"Why, Abby," Aunt Kate sounded astonished. "Her Majesty has commanded we go to the palace. And we cannot stay here; the shop has been sold. Father Andrew has helped me trade it to John Carpenter for enough gold to make you a fine dowry."
I had been betrayed. My closest living relative had sold my home out from under my feet — and to one of Papa's competitors, no less. It did not matter that I could not run a business by myself. The promise of a fine dowry meant nothing to me.
It was all Prince Bartholomew's fault. Even though Aunt Kate had come to mean my whole world, she must have felt no love for me. All of it was directed towards this sniveling princeling. She wanted to return home to her beloved palace and would drag me along with her if she must. I dared not say any of this aloud, of course, but the injustice of it boiled.
I endured the rest of Father Andrew's visit in silence, but as soon as he left I hugged my knees to my chest, and confronted my aunt. "I thought you were one of the queen's ladies in waiting." So Mama had told me. That was the way the story had always gone. Besides, who had ever heard of a prince being in a nursery?
Aunt Kate cocked her head at an angle and studied me. "I was, once, but when Tholly was born, the queen entrusted me to be his caretaker."
"A pet name for the prince."
"It sounds strange."
She shook her head. "Not so strange — You will see he is much too young a boy to be called Bartholomew all the time. Why, he's barely a year older than you."
Indeed. A rival, then. "You care more for him than you do me."
"I do not," she said, rapping the palace documents against Papa's writing stand. "You are my own flesh and blood — But, I have taken care of Tholly since he was a mite, and I dare say he knows me better than his own mama. These weeks I have been away cannot have been easy for him — And the queen has commanded our return. We must obey."
Before the queen's summons, I had been anxious to be well, but once I knew what was in store for me upon my recuperation, I was not so eager.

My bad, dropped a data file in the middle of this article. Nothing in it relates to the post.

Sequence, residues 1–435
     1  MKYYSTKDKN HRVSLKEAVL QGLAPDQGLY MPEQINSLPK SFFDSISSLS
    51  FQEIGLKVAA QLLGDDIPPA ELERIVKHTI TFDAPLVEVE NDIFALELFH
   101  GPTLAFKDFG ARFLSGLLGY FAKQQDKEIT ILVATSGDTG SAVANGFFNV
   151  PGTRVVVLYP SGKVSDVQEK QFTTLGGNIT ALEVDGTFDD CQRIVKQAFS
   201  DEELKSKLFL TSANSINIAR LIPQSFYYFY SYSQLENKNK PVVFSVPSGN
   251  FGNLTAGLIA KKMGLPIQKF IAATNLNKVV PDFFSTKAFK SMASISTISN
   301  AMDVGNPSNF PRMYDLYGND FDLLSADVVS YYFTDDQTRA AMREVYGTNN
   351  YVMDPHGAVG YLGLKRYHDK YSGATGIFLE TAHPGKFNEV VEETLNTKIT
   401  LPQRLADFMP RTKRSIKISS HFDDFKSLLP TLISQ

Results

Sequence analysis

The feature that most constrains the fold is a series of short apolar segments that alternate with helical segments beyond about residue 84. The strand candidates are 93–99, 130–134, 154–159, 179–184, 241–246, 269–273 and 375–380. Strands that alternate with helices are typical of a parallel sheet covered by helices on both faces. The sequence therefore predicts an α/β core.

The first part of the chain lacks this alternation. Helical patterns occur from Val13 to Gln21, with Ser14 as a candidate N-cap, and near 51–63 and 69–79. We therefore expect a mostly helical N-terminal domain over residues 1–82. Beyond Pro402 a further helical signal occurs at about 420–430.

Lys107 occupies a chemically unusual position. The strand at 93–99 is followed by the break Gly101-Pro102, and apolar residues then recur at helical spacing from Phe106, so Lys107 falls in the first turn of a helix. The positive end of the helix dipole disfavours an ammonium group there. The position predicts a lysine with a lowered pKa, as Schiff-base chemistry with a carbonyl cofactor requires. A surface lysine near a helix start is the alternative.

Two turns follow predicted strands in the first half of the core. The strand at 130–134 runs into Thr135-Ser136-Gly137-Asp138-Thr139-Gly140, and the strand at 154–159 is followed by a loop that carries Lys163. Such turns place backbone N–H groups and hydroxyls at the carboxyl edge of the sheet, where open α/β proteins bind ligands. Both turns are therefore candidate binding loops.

Still, my reluctance did not stop spring from coming, and it did not keep Aunt Kate from bustling around Papa's shop, sorting what should be packed, what must be sold and what had been included in the deal with John Carpenter. I was well enough to sit before the hearth and watch her efforts, but not to aid much in the packing, which suited me well enough. I wanted no part of helping this traitorous aunt of mine unseat me from my own home. But, despite my best wishes, the day I had been dreading eventually arrived. I had been fully out of my sickbed for a week when a royal coach arrived to transport us to the palace.
I know now that the vehicle sent for us is a carriage none of the royal family ever uses, it is not considered ornamented enough for their splendor, but that day it seemed like a very fine coach indeed, all white and gleaming, with the royal arms embossed on the sides of the doors. The carriage had drawn all the neighbors around, and while Aunt Kate went out to confer with the coachmen, I hung back in the doorway and watched the crowd. Part of me wanted very much to climb aboard and see if the inside was just as clean and luxurious, but I had not forgotten it was there to take me away from my home forever.
I scowled at John Carpenter, who stood nearby, looking far too smug for my liking. All the Cunninghams were there too. As we said our farewells, Mistress Cunningham dropped to her knees beside me, clutching me to her swelling bosom and weeping, "Oh, ye were always like one of my own to me."
I shuddered, for fear she meant it and would never release me, but Aunt Kate came to my rescue with a gentle touch on my shoulder. "Come, Abby. The coach is waiting."
I had been dressed in the finest gown I owned, but as I looked up at her, I realized did not begin to match the brocade Aunt Kate had donned again. As a coachman helped her up, her transformation was absolute. The warm-hearted mother figure who had been taking care of me those many weeks had disappeared. She was once more the elegant stranger.